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What is EMS Training?

Theoretical Background

Electrodes placed on the skin pass a gentle electrical current through its surface which activate muscles and nerves which in turn produce a contraction of the targeted muscle group.

header_ems-emaConventional Training vs. EMS Training

Conventional Training

When one performs any exercise, their brain sends a message down the spinal cord through the nerves innervating all the muscles causing them to contract

EMS Training

An outside electrical source stimulates the nerves to send these signals to your muscle to contract. This is achieved by passing electrical currents through electrode pads placed over a muscle. The current passes through electrode pads placed over a muscle. The current passes through the skin to the nerves in the contact area, stimulating the connecting muscles to contract. Electrodes are attached to muscles and wired to the XBody device that sends low-level electricity through the skin to stimulate nerve and muscle fibers.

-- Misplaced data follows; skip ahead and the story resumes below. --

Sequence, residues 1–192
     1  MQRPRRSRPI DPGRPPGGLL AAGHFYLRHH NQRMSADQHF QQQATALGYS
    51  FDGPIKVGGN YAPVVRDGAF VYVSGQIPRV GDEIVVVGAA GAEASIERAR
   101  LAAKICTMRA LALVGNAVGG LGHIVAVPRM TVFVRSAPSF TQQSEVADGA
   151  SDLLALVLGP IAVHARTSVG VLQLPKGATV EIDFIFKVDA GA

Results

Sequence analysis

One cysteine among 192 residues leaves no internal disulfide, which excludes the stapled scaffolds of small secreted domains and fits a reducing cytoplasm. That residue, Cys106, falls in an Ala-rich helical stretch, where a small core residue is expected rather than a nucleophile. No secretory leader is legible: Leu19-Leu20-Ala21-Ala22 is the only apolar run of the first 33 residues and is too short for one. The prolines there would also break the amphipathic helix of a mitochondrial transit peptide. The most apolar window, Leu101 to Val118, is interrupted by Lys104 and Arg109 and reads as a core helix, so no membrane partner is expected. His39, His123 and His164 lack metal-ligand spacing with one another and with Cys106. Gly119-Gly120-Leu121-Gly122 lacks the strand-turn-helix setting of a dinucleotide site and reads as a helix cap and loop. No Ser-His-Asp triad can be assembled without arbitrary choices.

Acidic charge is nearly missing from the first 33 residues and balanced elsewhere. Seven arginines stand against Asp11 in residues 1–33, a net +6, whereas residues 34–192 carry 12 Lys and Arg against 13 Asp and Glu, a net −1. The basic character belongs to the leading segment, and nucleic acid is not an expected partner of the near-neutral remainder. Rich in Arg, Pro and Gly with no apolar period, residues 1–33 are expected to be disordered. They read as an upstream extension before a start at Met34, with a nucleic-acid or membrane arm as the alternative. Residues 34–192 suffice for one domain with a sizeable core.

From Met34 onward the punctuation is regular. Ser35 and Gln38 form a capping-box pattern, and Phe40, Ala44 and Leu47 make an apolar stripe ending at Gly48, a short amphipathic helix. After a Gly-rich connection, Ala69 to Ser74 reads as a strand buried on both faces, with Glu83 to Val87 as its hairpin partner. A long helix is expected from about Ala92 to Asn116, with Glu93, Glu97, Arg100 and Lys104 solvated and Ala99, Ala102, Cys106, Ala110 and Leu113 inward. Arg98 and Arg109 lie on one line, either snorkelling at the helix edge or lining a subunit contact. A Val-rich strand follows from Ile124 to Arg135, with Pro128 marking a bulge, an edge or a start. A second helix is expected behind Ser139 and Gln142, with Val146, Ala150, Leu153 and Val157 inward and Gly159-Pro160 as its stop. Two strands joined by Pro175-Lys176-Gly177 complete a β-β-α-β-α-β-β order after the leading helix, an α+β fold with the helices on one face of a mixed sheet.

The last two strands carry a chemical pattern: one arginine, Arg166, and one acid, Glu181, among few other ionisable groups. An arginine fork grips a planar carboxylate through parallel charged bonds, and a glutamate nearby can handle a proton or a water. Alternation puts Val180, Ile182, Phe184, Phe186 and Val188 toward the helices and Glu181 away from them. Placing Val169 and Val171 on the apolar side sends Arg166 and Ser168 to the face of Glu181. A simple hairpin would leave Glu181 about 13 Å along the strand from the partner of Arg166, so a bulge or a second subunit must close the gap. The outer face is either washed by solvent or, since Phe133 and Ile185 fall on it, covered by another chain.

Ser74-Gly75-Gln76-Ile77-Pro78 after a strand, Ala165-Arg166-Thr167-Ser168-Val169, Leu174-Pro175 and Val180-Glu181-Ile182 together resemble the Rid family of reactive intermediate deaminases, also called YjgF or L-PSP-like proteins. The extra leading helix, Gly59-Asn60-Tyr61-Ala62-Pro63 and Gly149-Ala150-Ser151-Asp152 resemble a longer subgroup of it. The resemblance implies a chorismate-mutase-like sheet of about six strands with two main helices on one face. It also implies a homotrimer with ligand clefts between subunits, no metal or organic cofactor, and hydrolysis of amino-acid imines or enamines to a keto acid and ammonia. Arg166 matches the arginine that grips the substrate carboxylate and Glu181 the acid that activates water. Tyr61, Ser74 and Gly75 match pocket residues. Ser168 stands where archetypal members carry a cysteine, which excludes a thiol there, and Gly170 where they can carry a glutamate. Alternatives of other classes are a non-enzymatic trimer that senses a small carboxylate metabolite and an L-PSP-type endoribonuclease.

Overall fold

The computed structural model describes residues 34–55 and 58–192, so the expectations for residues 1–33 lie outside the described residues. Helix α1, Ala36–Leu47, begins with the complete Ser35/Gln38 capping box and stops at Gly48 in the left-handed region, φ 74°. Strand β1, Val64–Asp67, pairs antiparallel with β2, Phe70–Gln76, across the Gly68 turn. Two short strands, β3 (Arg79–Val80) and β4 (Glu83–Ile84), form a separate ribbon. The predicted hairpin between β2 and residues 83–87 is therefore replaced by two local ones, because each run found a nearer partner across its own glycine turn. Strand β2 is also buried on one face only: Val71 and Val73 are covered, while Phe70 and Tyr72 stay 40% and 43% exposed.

EMS versus Conventional Training

How EMS Training works

image001The proposed advantage of using EMS is that the recruitment order is reversed relative to volitional exercise. During volitional activity, the central nervous system first activates the smallest alpha motoneurons. With increasing levels of required force, progressively larger motoneurons are activated. This recruitment order, dependent on the size of the alpha motoneuron, has been termed the ‘Hennemann´sche size principle’’ of motor unit recruitment.

Muscleactivation

The size of alpha motoneurons is related to the type of muscle fiber innervated by the motoneuron. Slow oxidative (SO) muscle fiber types are typically recruited first, whereas fast glycolitic (FG) are the most difficult to recruit during volitional activation. The order of muscle fiber recruitment is reversed when the muscle is activated via electrical stimulation, with the largest-diameter muscle fibers (FG) being recruited first and the smaller-diameter (SO) muscle fibers being recruited later.

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